On Football: "The Genius" truly was one Print
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Monday, 30 July 2007 14:36
NFL Headline News

 Bill Walsh might have been the first football coach given the label ``genius.'' He deserved it - and not just with Xs and Os.
Yes, Walsh designed the ``West Coast offense'' - used by dozens of NFL teams, imitated by dozens of coaches the last 25 years and credited for San Francisco's five Super Bowls victories. But the man who died Monday at age 75 was as well-rounded a football man as there has ever been - on and off the field.
Not only did he take an offense taught to him by Sid Gilman when he was an assistant in Cincinnati, but he innovated within that offense.
``The Drive,'' which culminated with the Joe Montana to Dwight Clark TD pass that put the 49ers in their first Super Bowl in January 1982 was a masterpiece of playcalling that featured more runs than passes as the Dallas team expected Montana to throw, throw, throw.
``He had everything broken down into real refined detail, the ways guys did things,'' said Howard Mudd, the Colts' offensive line coach, who as a fledgling coach when Walsh was an assistant in San Diego developing Hall of Fame quarterback Dan Fouts. ``And yet, he didn't make them real mechanical men. He'd take quarterbacks who could run and let them run. He'd take quarterbacks that couldn't run and let them sit in the pocket. ``
But for Walsh, there was always so much more than football.
He was one of the first to realize the importance of getting black players into coaching.
``He was just a very socially conscious guy,'' said Tony Dungy, the first black coach to win a Super Bowl. Dungy, who played one year for Walsh, was traded to the New York Giants for Ray Rhodes, whom Walsh later added to his coaching staff and eventually became one of the NFL's first black coaches.
Another strength, perhaps Walsh's greatest, was judging talent.
Even his failures succeeded.
By several accounts, he had to be convinced by chief scout Tony Razzano to take Montana with a third-round pick in his first draft in 1979 over Steve Bono, whom he had coached at Stanford.
But in 1985, he jumped up from 28th, last in the first round, to 16 to take a receiver named Jerry Rice, whose stock had fallen because he had run the 40-yard dash in a mediocre 4.6 seconds in workouts.
A year later, he had what many people consider the best draft ever - John Taylor, Tom Rathman, Tim McKyer, Larry Roberts, Steve Wallace, Kevin Fagan, Don Griffin and Charles Haley. All major contributors, their teams won two Super Bowls. Haley, later traded to Dallas, won three more titles with the Cowboys.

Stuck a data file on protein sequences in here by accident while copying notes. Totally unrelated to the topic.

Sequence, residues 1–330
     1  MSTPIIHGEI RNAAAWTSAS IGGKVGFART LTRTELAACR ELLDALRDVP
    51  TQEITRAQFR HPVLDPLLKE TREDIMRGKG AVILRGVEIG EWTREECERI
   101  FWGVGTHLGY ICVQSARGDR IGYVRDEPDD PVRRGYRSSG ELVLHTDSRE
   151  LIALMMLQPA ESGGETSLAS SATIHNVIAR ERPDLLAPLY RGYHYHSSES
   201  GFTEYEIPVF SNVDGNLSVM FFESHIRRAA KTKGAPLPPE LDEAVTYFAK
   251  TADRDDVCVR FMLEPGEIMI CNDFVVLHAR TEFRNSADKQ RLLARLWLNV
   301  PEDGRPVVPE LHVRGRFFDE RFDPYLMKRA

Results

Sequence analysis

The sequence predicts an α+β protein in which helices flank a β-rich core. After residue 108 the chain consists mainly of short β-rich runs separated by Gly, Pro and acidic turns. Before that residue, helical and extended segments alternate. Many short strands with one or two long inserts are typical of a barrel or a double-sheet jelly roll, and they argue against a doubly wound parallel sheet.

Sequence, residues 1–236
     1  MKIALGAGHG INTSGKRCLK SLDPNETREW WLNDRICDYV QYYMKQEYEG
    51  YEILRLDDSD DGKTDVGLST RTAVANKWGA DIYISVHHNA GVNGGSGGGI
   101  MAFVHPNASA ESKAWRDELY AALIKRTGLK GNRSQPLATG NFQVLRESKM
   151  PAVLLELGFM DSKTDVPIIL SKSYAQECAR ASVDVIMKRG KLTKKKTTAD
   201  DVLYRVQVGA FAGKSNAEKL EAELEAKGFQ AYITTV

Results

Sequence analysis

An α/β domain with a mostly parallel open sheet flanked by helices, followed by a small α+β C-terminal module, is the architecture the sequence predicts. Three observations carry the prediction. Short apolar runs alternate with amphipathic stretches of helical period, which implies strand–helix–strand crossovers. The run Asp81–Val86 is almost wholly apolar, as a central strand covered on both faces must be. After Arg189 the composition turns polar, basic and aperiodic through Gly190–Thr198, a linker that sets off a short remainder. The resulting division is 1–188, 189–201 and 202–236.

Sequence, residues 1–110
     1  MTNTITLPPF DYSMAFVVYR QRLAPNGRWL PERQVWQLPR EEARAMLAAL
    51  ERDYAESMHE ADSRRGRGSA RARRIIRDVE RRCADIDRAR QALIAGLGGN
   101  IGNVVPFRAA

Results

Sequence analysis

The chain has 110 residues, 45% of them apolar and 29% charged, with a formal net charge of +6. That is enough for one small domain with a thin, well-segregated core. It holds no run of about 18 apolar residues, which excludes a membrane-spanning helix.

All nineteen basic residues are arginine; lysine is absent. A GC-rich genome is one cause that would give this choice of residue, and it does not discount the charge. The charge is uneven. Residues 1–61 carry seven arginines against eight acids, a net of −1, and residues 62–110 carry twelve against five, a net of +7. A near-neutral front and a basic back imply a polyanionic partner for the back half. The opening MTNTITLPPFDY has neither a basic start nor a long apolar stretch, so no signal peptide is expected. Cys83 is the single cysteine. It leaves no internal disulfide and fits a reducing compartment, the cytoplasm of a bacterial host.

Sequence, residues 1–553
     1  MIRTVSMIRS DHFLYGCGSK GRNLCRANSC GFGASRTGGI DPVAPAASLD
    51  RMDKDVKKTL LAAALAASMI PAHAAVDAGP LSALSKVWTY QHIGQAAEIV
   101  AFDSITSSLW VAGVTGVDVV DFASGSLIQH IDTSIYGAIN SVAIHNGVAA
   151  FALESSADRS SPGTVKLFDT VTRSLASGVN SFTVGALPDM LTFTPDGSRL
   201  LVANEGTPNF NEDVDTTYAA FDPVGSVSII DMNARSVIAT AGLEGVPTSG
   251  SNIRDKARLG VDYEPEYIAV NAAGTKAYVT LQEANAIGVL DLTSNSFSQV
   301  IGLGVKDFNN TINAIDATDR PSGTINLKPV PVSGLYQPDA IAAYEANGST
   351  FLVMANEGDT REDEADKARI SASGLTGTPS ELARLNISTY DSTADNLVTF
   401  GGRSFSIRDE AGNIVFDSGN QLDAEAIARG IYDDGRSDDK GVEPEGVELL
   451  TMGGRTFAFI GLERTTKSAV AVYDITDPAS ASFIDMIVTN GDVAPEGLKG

Walsh had an equally good eye for coaching talent.
He knew where to look - such as Brigham Young, which during Walsh's early years with the 49ers had perhaps the most sophisticated passing game in college football.
In 1979, he hired former BYU tight end Brian Billick, who impressed him in an interview. Walsh didn't have a slot on his coaching staff so he put Billick on the public relations payroll - though reporters who covered the team in those days remember Billick as a coaching intern rather than a PR man.
But Walsh's most important BYU hire (unless you count the trade in which he stole Steve Young from Tampa) was Mike Holmgren, a former San Francisco high school coach whom Walsh hired in 1986. Holmgren became the 49ers offensive coordinator, replaced by Mike Shanahan. As head coach in Green Bay and Seattle, Holmgren spun off Jon Gruden, Steve Mariucci, Rhodes and Andy Reid, another BYU grad.
Dungy's not part of that coaching tree but playing for Walsh in 1979 certainly left a mark.
``He never focused on what guys couldn't do, and if you weren't good at one thing, it didn't really matter because he was not afraid to substitute and use all 22 or 23 players on offense,'' Dungy said Monday. ``He was very much under control and professorial, and that's something I really appreciated. I learned an awful lot in one year.''
That's the ultimate legacy.
Almost every coach and player who had contact with Walsh considers him a teacher.
So does the commissioner.
``If you gave him a blackboard and a piece of chalk, he would become a whirlwind of wisdom,'' Roger Goodell said. ``He taught all of us not only about football but also about life and how it takes teamwork for any of us to succeed as individuals.''

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